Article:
Lastly, is device generated magnetic leakage. A good example is a laptop charger (and perhaps the HD AC power adapter). These devices use high frequency switching converters that operate at 200kHz to perhaps 1.5MHz. The are very leaky and do generate significant magnetic noise. All of this is above our hearing, but the energy is modulated at 60/120 Hz rate as the AC voltage and charging current follows the AC input. The modulation of this high frequency noise is what we often hear in our audio gear.

    In general, keeping systems plugged into a common AC ground point is a good thing. Keeping cables from being in large loops helps and AC adapters need to be as far from gear as practical. Magnetic fields drop in level very quickly, so separation makes a big difference..

    On the personal experience side, I have never had any hum issues with my HD500 (other than pickup issues in guitars).
     
  9. jrockbridge

    jrockbridge Member

    Messages:
    3,944
    Joined:
    Sep 29, 2008
    Location:
    Above Ground
    I was able to solve the ground loop problem on 2 laptops, by using those orange plug converters that you can find at a hardware store. Both laptops have a 3 prong electrical outlet plug for the ac/dc adapter (power supply). The orange plugs are 2 prong male to 3 prong female adapters intended for allowing 3 prong plugs to be used in very old houses. But, the orange plugs will work as an earth ground lift in a typical home...just do NOT attach the earth ground part to the socket screw.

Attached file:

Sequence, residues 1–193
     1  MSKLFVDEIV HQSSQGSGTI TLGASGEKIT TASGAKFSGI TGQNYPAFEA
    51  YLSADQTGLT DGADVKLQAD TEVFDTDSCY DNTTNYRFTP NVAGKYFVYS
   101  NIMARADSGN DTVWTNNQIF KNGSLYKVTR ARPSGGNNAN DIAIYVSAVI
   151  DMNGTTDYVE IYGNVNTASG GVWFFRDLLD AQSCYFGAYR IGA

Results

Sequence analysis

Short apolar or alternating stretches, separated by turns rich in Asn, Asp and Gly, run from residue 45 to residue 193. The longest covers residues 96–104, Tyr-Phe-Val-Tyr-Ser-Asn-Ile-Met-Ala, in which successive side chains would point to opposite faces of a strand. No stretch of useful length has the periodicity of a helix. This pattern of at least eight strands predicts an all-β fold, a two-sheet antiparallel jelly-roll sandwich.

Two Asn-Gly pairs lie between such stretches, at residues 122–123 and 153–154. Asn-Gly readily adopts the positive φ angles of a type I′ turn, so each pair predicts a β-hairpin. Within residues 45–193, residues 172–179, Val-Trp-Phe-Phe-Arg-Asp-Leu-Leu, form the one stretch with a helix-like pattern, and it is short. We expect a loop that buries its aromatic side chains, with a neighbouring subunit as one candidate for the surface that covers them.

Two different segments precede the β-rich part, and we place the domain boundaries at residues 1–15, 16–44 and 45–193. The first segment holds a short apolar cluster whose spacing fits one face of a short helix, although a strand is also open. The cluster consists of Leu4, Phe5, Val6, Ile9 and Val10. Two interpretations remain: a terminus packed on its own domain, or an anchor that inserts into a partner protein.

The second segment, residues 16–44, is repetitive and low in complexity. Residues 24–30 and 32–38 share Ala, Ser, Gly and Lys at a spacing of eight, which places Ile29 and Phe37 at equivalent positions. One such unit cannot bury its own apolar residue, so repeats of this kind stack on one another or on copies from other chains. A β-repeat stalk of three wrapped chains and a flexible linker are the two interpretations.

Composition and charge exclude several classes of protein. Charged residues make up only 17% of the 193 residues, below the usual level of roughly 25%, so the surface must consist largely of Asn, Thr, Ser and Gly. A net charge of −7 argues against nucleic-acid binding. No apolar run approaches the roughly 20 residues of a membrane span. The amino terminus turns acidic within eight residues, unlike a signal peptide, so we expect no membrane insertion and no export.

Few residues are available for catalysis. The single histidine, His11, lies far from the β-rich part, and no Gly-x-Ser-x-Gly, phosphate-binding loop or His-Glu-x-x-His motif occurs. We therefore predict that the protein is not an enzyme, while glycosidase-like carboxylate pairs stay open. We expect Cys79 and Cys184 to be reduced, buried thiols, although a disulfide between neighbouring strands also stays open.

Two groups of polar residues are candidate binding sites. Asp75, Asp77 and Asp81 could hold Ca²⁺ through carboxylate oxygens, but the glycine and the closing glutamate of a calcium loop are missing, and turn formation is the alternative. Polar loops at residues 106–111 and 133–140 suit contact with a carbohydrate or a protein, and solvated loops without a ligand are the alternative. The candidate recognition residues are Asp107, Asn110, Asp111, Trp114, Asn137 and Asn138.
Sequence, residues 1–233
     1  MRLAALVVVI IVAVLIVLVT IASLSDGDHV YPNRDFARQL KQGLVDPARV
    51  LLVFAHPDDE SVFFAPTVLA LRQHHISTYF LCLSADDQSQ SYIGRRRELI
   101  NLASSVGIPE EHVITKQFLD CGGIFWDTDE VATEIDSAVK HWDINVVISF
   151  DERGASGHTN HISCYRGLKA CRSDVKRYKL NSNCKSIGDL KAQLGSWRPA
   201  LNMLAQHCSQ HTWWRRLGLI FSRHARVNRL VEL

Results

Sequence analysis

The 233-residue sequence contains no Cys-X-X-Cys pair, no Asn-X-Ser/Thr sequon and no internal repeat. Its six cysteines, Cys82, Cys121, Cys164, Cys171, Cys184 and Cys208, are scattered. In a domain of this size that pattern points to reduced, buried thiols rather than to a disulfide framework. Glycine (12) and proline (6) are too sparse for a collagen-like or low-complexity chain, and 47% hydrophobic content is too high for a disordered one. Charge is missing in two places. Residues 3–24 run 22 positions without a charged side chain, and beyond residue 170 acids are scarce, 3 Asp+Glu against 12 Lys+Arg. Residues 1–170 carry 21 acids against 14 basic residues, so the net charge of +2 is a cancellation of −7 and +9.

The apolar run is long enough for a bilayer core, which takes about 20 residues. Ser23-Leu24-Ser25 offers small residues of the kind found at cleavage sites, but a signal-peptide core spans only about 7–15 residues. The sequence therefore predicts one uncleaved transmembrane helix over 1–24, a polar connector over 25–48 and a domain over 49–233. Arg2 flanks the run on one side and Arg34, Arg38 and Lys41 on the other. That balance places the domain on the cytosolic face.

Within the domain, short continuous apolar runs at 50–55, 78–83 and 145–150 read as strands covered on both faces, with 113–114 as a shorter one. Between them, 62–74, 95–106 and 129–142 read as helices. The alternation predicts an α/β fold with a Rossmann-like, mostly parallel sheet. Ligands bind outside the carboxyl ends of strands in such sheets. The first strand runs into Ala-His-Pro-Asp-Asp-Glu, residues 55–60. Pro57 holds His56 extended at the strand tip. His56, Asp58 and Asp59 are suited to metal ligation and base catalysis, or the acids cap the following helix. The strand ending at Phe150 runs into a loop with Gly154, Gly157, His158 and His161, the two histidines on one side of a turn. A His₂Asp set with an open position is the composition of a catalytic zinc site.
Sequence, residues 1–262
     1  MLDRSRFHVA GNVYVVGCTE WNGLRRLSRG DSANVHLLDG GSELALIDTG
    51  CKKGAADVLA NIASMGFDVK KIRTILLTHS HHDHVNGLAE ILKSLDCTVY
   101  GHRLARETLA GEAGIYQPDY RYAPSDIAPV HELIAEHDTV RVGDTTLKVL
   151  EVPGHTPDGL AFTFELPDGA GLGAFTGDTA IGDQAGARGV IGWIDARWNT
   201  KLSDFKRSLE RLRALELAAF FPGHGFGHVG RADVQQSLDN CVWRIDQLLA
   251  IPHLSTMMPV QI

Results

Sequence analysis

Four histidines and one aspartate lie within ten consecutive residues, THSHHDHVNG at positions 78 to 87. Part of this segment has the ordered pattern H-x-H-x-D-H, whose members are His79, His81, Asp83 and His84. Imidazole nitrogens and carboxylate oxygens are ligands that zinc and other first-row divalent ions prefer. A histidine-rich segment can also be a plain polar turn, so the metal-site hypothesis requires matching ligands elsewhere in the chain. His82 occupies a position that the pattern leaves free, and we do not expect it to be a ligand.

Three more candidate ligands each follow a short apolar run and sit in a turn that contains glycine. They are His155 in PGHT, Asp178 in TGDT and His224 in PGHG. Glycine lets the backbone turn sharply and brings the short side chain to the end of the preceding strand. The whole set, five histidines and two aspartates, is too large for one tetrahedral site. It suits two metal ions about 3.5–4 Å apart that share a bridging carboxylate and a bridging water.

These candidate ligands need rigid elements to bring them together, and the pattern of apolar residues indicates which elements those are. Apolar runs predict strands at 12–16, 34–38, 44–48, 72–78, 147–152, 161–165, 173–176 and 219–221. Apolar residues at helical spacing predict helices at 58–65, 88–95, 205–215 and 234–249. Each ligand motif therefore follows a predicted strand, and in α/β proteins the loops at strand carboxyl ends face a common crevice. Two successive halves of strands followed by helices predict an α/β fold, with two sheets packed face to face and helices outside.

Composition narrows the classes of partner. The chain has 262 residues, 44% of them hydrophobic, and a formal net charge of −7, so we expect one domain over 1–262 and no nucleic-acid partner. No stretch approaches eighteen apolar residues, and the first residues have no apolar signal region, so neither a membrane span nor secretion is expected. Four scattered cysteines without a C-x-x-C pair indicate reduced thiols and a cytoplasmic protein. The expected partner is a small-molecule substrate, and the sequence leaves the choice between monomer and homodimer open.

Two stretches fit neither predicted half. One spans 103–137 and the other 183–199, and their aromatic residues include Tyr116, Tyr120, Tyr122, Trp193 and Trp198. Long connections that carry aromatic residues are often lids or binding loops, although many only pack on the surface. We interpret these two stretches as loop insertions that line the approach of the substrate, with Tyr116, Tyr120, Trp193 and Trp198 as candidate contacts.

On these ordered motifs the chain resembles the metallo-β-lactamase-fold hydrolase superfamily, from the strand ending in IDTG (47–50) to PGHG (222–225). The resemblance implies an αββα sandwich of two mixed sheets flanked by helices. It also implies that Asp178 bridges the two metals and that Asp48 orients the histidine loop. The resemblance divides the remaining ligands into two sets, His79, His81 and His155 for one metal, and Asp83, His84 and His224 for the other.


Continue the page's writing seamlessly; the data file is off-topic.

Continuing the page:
You can also buy a Hum-X and it will reduce the hum. They are kind of expensive and only eliminate about 80% of the hum noise in my experience.
     
  10. sevser

    sevser Member

    Messages:
    49
    Joined:
    Oct 25, 2010
    Location:
    he Okanagan Valley in BC Canada
    Thanks 1wheel...I'll try the common ground!

    Its a desktop PC...It does this as soon as I even touch the USB cable to the USB inputs housing. Not the guitar, because I don't even have to have it connected. (IT IS LOUD!

    I tried every other USB in my PC...1wheel may have hit it in the head!

    THANKS PEOPLE!!! :D
     
  11. 1wheel

    1wheel Member

    Messages:
    315
    Joined:
    Jan 23, 2009
    Location:
    Cincinnati, OH
    Sevser,
    I'm a bit concerned about your AC wiring or a device in the signal chain..

    My concern is that you may have something in the PC/Laptop or PA that is causing the ground of that 'element' to be offset from earth ground. Note that tube guitar amplifiers (with 2 prong cords, like my CBS Fender DR... 1980) have a switch that has 3 positions, A, none, B. What that is really doing is 'picking' a side of the 2 prong cord to 'believe' is the neutral (the side of a 110V line that is grounded to the center of the 110/neutral/110 line transformer on the pole). One side is called line (the 110V from ground) and the other 'neutral' should be near or at ground.

    If you choose poorly, the tube amp 'ground' will be floating 20 or more volts (with very low current) above ground. You get 'zapped' by microphones/elbows on mic stands, etc.

    It seems that either your laptop charger (Dell and Sony have 3 prong AC cords on laptop supplies) may have alot of leakage that is not maintained near ground. It is also possible that something else is causing leakage into the wall plug ground (and this might be dangerous).. It very well could be that your AC plug (on the wall) is not properly grounded..